The text of President Reagan's letter Tuesday to federal employes about disclosure of classified information:

Recent unauthorized disclosures of classified information concerning our diplomatic, military and intelligence activities threaten our ability to carry out national security policy. I have issued a directive detailing procedures to curb these disclosures and to streamline procedures for investigating them.

However, unauthorized disclosures are so harmful to our national security that I wish to underscore to each of you the seriousness with which I view them.

The unauthorized disclosure of our nation's classified information by those entrusted with its protection is improper, unethical and plain wrong. This kind of unauthorized disclosure is more than a so-called "leak"--it is illegal.

The attorney general has been asked to investigate a number of recent such disclosures of classified information. Let me make it clear that we intend to take appropriate administrative action against any federal employe found to have engaged in unauthorized disclosure of classified information, regardless of rank or position. Where circumstances warrant, cases will also be referred for criminal prosecution.

The American people have placed a special trust and confidence in each of us to protect their property with which we are entrusted, including classified information. They expect us to protect fully the national security secrets used to protect them in a dangerous and difficult world.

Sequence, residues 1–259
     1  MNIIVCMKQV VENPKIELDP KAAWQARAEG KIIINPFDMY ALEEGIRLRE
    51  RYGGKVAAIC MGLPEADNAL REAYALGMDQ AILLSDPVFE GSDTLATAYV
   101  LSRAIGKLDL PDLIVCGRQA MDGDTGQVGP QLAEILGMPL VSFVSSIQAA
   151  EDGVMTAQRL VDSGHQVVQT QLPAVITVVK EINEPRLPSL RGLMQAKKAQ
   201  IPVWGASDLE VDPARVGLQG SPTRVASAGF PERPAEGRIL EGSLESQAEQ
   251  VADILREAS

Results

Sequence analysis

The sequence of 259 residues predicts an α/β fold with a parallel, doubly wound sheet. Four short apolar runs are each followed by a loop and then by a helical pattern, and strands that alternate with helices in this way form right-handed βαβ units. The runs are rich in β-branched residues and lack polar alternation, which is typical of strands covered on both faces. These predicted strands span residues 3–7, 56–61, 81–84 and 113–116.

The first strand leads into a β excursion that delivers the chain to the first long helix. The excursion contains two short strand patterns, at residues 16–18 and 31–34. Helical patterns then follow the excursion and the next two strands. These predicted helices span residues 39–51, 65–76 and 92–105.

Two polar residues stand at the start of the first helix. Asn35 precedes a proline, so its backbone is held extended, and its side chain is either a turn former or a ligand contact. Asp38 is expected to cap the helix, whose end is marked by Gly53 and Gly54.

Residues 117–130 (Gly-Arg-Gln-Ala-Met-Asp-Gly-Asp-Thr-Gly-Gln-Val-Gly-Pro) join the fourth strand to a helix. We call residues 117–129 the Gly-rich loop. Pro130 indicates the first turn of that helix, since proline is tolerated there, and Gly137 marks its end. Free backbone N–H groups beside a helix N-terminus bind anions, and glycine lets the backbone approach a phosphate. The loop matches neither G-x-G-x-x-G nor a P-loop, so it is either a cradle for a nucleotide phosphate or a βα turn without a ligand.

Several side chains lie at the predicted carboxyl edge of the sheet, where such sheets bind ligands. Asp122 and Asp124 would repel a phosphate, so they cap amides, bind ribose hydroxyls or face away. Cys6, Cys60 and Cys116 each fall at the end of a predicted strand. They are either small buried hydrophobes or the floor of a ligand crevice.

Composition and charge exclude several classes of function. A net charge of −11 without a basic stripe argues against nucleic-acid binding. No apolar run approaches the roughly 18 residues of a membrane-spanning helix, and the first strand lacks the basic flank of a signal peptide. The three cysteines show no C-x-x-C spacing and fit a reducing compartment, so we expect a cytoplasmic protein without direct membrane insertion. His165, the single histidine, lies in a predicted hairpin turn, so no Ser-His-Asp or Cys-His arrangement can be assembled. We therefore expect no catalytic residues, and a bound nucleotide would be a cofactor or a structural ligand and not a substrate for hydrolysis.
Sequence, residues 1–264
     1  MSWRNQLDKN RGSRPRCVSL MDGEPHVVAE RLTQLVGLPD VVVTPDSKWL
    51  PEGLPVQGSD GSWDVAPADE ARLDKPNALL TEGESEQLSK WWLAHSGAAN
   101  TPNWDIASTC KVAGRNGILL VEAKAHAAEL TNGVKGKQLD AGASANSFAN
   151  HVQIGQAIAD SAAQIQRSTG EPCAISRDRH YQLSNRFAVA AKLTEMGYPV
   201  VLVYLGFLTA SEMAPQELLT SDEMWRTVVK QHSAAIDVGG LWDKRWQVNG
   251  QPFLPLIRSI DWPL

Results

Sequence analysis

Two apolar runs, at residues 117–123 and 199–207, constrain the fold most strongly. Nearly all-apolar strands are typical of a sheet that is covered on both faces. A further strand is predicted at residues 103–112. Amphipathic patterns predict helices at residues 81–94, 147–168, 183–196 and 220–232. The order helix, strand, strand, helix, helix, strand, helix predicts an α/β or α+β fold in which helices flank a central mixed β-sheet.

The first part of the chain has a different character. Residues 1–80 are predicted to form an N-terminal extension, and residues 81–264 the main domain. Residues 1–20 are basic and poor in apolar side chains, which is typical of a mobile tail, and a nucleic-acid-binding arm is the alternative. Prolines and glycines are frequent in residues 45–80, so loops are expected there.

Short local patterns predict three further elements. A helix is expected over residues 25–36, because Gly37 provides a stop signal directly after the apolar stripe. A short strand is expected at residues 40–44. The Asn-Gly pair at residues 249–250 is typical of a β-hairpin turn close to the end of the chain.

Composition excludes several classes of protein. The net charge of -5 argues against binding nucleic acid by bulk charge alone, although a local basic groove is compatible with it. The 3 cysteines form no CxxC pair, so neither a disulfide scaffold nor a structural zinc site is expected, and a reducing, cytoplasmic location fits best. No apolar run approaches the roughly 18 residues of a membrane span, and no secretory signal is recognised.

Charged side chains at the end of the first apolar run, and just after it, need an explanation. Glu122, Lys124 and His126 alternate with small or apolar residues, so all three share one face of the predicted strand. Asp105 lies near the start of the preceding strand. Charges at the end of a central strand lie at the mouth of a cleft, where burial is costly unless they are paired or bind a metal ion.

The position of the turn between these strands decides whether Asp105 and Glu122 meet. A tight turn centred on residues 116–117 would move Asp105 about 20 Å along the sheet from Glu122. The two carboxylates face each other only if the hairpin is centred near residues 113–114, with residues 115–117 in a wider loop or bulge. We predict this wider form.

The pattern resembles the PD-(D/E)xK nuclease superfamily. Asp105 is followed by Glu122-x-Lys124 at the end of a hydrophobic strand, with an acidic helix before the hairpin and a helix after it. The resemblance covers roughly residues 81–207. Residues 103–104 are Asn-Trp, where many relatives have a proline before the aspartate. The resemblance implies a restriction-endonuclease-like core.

All of us have taken an oath faithfully to discharge our duties as public servants, an oath that is violated when unauthorized disclosures of classified information are made.

Secrecy in national security matters is a necessity in this world. Each of us, as we carry out our individual duties, recognizes that certain matters require confidentiality. We must be able to carry out diplomacy with friends and foes on a confidential basis; peace often quite literally depends on it--and this includes our efforts to reduce the threat of nuclear war.

We must also be able to protect our military forces from present or potential adversaries. From the time of the Founding Fathers, we have accepted the need to protect military secrets.

Nuclear dangers, terrorism and aggression similarly demand that we must be able to gather intelligence information about these dangers--and our sources of this information must be protected if we are to continue to receive it. Even in peacetime, lives depend on our ability to keep certain matters secret.

As public servants, we have no legitimate excuse for resorting to these unauthorized disclosures. There are other means available to express ourselves:

* We make every effort to keep the Congress and the people informed about national security policies and actions. Only a fraction of information concerning national security policy must be classified.

* We have mechanisms for presenting alternative views and opinions within our government.

* Established procedures exist for declassifying material and for downgrading information that may be overclassified.

* Workable procedures also exist for reporting wrongdoing or illegalities, both to the appropriate executive branch offices and to the Congress.

Finally, each of us has the right to leave our position of trust and criticize our government and its policies, if that is what our conscience dictates. What we do not have is the right to damage our country by giving away its necessary secrets.

We are as a nation an open and trusting people, with a proud tradition of free speech, robust debate and the right to disagree strongly over all national policies. No one would discipline people who understand the need for responsible action.

As servants of the people, we in the federal government must understand the duty we have to those who place their trust in us. I ask each of you to join me in redoubling our efforts to protect that trust.